From Blakey to Brown, Como to Costa, Eckstine to Eldridge, Galbraith to Garner, Harris to Hines, Horne to Hyman, Jamal to Jefferson, Kelly to Klook; Mancini to Marmarosa, May to Mitchell, Negri to Nestico, Parlanto Ponder, Reed to Ruther, Strayhorn to Sullivan, Turk to Turrentine, Wade to Williams… the forthcoming publication Treasury of Pittsburgh Jazz Connections by Dr. Nelson Harrison and Dr. Ralph Proctor, Jr. will document the legacy of one of the world’s greatest jazz capitals.
Do you want to know who Dizzy Gillespie idolized? Did you ever wonder who inspired Kenny Clarke and Art Blakey? Who was the pianist that mentored Monk, Bud Powell, Tad Dameron, Elmo Hope, Sarah Vaughan and Mel Torme? Who was Art Tatum’s idol and Nat Cole’s mentor? What musical quartet pioneered the concept adopted later by the Modern Jazz Quartet? Were you ever curious to know who taught saxophone to Stanley Turrentine or who taught piano to Ahmad Jamal? What community music school trained Robert McFerrin, Sr. for his history-making debut with the Metropolitan Opera? What virtually unknown pianist was a significant influence on young John Coltrane, Shirley Scott, McCoy Tyner, Bobby Timmons and Ray Bryant when he moved to Philadelphia from Pittsburgh in the 1940s? Would you be surprised to know that Erroll Garner attended classes at the Julliard School of Music in New York and was at the top of his class in writing and arranging proficiency?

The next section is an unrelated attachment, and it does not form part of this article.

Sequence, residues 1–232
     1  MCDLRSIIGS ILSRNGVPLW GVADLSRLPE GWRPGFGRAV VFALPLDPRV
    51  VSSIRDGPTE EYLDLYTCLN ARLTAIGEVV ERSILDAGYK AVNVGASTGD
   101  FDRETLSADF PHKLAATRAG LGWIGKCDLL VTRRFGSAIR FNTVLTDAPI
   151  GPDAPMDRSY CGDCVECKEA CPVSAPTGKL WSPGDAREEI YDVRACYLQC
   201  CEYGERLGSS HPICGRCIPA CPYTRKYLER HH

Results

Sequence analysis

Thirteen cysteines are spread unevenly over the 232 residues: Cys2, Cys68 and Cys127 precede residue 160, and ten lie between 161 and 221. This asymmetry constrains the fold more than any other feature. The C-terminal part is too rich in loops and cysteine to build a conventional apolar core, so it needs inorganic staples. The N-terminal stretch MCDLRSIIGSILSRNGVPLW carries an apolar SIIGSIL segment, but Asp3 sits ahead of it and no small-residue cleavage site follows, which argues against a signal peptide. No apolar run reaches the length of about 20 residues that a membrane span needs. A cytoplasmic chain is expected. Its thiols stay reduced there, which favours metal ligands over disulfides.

Some answers can be gleaned from the postings on the Pittsburgh Jazz Network.
For almost 100 years the Pittsburgh region has been a metacenter of jazz originality that is second to no other in the history of jazz. One of the best kept secrets in jazz folklore, the Pittsburgh Jazz Legacy has heretofore remained mythical. We have dubbed it “the greatest story never told” since it has not been represented in writing before now in such a way as to be accessible to anyone seeking to know more about it. When it was happening, little did we know how priceless the memories would become when the times were gone.
Today jazz is still king in Pittsburgh, with events, performances and activities happening all the time. The Pittsburgh Jazz Network is dedicated to celebrating and showcasing the places, artists and fans that carry on the legacy of Pittsburgh's jazz heritage.
Hey Mr Frank! (yes, although I'm 46, my dad (Roger Leonard) taught me nothing but respect! I remember your radio days " The Big G", it inspired me to finally do it. Did the Columbia School thing and had an on air Acid Jazz format show on WYEP for a couple of years while I was still with the Police Dept. Thanks to you...one of my Dad's best friends!